The ReichstagConstructed in 1894 to house the Reichstag, the parliament of the German Empire, this historical building pays tribute to the rejuvenation of a nation state from a background of division and destruction. Fully refurbished after the reunification of Germany, and partially reconstructed according to designs by the internationally renowned British architect Sir Norman Foster, it became the meeting place of the modern German parliament, the Bundestag, in 1999. Sensationalized by the artist Christo, who wrapped the Reichstag in white in 1995, it remains one of the city’s iconic highlights.
Potsdamer PlatzDestroyed during the Second World War then razed to the ground and left desolate during the division of Berlin, when the Berlin Wall bisected its former location, Potsdamer Platz became the largest building site in Europe in 1991. The site of the first traffic lights in Europe, and the continent’s busiest traffic junction in the 1920s, Potsdamer Platz has regained its status as an important public square and a major intersection of the city as a result of an ambitious redevelopment project, which includes in the triumphalist swags of the Sony Centre canopy.
The Holocaust MemorialPeter Eisenmann’s controversial design for the Holocaust Memorial - a structure composed of some 2,700 concrete pillars, with heights varying from zero to four meters - represents a supposedly rational and ordered system that has lost touch with human reason. The spaces narrow and deepen, only ever allowing for individual passage through the grid, as the volume and weight of the stelae seem to bear down and close in on you, creating feelings of groundlessness, instability and disorientation. An underground information center records the names of all known Jewish Holocaust victims.
Checkpoint CharlieCheckpoint Charlie was the name given by the Western allies to one of three main crossing-points between East and West Berlin, located on Friedrichstrasse. The name stems from the third letter in the phonetic alphabet (there also existed a Checkpoint Alpha and Checkpoint Bravo). It was here, shortly after the construction of the Wall in 1961, that Soviet and American tanks lined up directly against each, separated by just a few meters. Peace hanging by a thread. A replica of the guardhouse and an outdoor exhibition provide visitors with an understanding of the significance of the location, and an opportunity to read about some of the more unusual escape attempts.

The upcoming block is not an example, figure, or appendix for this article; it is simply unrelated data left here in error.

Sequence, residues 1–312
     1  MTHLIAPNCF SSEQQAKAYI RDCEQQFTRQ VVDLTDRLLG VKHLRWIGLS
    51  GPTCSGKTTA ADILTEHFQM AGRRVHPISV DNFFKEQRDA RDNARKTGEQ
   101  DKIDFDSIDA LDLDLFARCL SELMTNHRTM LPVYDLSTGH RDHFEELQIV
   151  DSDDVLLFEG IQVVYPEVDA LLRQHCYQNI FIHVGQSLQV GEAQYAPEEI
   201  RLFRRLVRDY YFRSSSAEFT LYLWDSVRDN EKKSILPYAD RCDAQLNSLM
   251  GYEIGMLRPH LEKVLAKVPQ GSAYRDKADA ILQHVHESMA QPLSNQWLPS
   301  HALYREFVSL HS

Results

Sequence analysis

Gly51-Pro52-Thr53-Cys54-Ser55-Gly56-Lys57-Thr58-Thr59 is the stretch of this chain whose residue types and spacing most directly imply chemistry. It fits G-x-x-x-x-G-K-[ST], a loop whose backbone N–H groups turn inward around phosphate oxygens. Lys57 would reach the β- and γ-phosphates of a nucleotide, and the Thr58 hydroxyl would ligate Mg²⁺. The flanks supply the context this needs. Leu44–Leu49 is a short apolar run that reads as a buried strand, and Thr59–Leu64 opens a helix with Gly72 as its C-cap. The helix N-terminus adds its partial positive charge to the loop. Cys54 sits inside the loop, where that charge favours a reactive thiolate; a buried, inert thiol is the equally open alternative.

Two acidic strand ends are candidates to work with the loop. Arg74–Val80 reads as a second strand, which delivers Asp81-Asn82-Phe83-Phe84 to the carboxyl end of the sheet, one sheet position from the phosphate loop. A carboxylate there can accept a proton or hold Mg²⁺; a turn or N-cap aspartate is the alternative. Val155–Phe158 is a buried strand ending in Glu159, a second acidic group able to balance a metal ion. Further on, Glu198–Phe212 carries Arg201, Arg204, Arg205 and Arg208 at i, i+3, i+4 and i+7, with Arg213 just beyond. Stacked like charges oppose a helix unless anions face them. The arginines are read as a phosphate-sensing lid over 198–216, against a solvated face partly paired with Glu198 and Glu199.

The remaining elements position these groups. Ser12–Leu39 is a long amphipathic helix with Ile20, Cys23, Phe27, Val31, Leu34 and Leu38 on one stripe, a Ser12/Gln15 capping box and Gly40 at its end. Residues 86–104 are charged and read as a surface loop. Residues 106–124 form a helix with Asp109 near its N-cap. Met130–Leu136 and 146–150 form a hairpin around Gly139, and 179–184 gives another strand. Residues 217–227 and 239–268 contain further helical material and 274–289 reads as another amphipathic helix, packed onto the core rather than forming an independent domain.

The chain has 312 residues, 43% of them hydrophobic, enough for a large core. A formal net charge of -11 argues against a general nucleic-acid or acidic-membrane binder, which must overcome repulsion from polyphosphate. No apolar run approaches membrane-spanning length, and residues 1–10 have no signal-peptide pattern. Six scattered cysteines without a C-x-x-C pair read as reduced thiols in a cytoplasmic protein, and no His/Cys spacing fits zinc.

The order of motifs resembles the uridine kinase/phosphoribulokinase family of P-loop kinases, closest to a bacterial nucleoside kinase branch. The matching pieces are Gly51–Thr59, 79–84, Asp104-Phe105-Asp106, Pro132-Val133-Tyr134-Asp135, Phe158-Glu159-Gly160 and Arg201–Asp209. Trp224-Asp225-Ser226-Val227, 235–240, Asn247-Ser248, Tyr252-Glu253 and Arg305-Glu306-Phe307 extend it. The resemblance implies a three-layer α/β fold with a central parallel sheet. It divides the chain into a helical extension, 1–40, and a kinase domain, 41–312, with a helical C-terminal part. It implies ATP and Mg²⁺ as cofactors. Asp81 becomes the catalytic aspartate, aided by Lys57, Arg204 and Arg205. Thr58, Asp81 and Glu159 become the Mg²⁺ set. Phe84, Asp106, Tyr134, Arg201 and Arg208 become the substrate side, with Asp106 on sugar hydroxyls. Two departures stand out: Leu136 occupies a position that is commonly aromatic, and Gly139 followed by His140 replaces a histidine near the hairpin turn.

The Brandenburg GateThe Brandenburg Gate, commissioned by King Frederick William II of Prussia as a sign of peace, declares entrance to Unter den Linden, the renowned boulevard of lime trees that lead to the former location of the palace of the Prussian monarchs (currently being rebuilt). This monumental, Neo-classical landmark, inspired by the propylaea of the Acropolis, was appropriated as a party symbol during the Nazi era, and then re-associated with the desire for German reunification following the fall of the Berlin Wall.
The Olympic StadiumBuilt for the 1936 Olympic Games, Berlin’s Olympic Stadium was the scene of one of the most memorable sporting events in history; the gold medal performances of African-American athlete Jesse Owens, which were immortalized in the film Olympia (1938) by controversial filmmaker Leni Riefenstahl. The Olympic Stadium experienced a face-lift before hosting the final of the Fifa World Cup in 2006, and as the second largest stadium in Germany is home to Bundesliga club Hertha BSC. Visitors can still wander around, and use, some of the facilities built for the ’36 Olympics, including the outdoor swimming and diving pools.
The TV TowerOpened in 1969 by the former German Democratic Republic to symbolize Eastern technical advancement, and still the tallest structure in Germany (368 meters), the TV tower is one the most identifiable features of the Berlin skyline. When the sun shines on the stainless steel dome, the reflection usually appears in the form of a crucifix, characterized by Berliners at the time as the ‘Pope’s Revenge’. Visit the viewing platform or revolving restaurant for spectacular panoramic views of the city.
The East Side GalleryThe East Side Gallery, the largest open-air gallery in the world, is a 1.3km long stretch of the former Berlin Wall transformed by 106 paintings of artists from across the world. Conceived as a memorial for freedom, abstract and political works are a colorful expression for a unique point in history. Among the most famous are Brotherly Kiss by Dimitri Vrubel and Berlin-New York by Gerhard Lahr.
BebelplatzBebelplatz is a public square in the district of Mitte surrounded by the State Opera, St. Hedwig's Cathedral, and the Old Library of the Humboldt University law faculty. Laid out between 1741-3, this grand collection of buildings was largely destroyed during WW2 but restored to its former glory in the 1950s. In 1933, the square was the site of the infamous “burning of the books”, when alleged Nazi sympathizers purged the Humboldt library of literary works they disapproved of, and set fire to them in the center of the square. A poignant monument has been established to commemorate the event.
GendarmenmarktGendarmenmarkt rates as one of the most beautiful squares in the city and is host to Berlin’s most popular Christmas market. Flanked by the Franzosischer Dom and the Deutscher Dom (the French and German cathedrals) is the Schauspielhous, built by Karl Friedrich Schinkel in 1818-21, which today serves as a concert hall.